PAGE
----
When you step on a plant, douse it with salt water, or pluck its leaves off, it doesn’t look like the plant responds, as it stands immobilized by its roots in the ground. But plants are in-tune to their environment in many ways, including relatively slow biological reactions—like leaf regrowth—that are turned on in response to physical damage. Now, researchers have discovered a new chemical network that carries information through plants in response to external stimuli much more quickly. Waves of calcium ions drive this never-before-detected network, researchers report in a new PNAS paper.
“The surprising thing isn’t just that this wave is washing through the plant,” says Simon Gilroy, senior author of the new paper. “It’s that it’s channeled through cells which are specialized for this conduit of information.” The function of these cells as an information channel was never before known.
Researchers had long suspected that plants had a fast, electrical signaling network, akin to that in animals, that helped them respond to changes in their environment more quickly than known chemical signals. But sensors didn’t exist to detect any potential ions moving throughout a plant—until recently, that is.
Gilroy’s team was using a new calcium ion sensor—one that could measure levels of calcium within living plant cells—as a control in a different experiment on Arabidopsis thaliana, a common model plant organism. The researchers thought the sensor was so sensitive that it would be saturated with maximum levels of calcium at all times, hence making it a good control. But instead of staying steady, the sensor showed calcium ion fluctuations within far-off cells when the plant was exposed to different stresses, such as salt water. The group began probing where these fluctuations were arising from.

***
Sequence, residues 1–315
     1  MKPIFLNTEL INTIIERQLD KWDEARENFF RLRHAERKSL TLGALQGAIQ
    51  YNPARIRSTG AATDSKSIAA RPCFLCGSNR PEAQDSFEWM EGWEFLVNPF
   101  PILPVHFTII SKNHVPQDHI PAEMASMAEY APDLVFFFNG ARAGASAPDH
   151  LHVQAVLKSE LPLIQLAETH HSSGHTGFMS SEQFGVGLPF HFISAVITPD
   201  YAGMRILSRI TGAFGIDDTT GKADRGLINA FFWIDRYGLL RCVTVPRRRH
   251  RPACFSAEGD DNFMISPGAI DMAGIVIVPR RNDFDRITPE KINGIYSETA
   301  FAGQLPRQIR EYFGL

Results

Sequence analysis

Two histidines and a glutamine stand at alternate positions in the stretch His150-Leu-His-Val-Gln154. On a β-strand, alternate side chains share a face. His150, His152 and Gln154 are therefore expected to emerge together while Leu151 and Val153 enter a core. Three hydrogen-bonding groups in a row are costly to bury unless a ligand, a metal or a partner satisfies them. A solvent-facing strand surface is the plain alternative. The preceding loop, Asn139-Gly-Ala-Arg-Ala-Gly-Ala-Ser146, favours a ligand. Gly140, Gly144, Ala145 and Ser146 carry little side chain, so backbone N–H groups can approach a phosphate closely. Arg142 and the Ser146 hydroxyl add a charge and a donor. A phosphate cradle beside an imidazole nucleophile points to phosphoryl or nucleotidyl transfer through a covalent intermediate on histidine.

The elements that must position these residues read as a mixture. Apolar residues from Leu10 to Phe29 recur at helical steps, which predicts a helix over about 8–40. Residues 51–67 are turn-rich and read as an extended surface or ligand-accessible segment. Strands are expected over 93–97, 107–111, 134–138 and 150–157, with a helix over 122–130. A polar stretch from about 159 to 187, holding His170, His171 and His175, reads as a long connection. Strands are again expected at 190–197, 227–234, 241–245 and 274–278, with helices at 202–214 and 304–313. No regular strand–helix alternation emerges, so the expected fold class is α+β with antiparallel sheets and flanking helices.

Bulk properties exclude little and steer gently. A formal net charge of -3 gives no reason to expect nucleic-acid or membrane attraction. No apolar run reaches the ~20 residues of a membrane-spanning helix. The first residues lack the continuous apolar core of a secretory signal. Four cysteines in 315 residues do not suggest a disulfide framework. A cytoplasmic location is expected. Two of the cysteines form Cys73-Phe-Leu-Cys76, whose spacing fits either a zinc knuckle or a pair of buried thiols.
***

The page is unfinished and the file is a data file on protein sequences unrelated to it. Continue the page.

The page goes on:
When Arabidopsis seedling roots tips were exposed to salt, Gilroy and his colleagues found, a wave of calcium moved throughout the whole plant, at around 400 microns per second. As the calcium signals traversed the seedlings, genes were rapidly turned on and off inside cell nuclei. When the researchers mutated a calcium channel suspected to be involved, the wave could no longer move through the plants, and stress-related genes failed to turn on or off in response to salt at the root tips.
“This is the sea change which is going on about how plants operate,” says Gilroy. The discovery of the new calcium signaling system brings about numerous questions, he says, about where the information encoded by the calcium ions travels, whether its route is predictive of its final response, and what other proteins are involved.
“Right now, we know one molecular component that makes this wave work,” says Gilroy. “That’s like in the animal world knowing a single channel that makes neurons work.”